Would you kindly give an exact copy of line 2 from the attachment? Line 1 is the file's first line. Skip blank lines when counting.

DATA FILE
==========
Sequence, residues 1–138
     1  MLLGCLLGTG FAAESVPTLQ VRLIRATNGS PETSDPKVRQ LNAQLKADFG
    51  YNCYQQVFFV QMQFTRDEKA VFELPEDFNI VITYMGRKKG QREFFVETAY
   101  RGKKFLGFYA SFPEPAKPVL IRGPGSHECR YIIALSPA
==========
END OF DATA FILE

     1  MLLGCLLGTG FAAESVPTLQ VRLIRATNGS PETSDPKVRQ LNAQLKADFG